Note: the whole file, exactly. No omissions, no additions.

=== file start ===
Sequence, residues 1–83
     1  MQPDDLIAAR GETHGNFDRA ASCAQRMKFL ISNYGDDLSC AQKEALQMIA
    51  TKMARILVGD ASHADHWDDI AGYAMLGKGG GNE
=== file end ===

Sequence, residues 1–83
     1  MQPDDLIAAR GETHGNFDRA ASCAQRMKFL ISNYGDDLSC AQKEALQMIA
    51  TKMARILVGD ASHADHWDDI AGYAMLGKGG GNE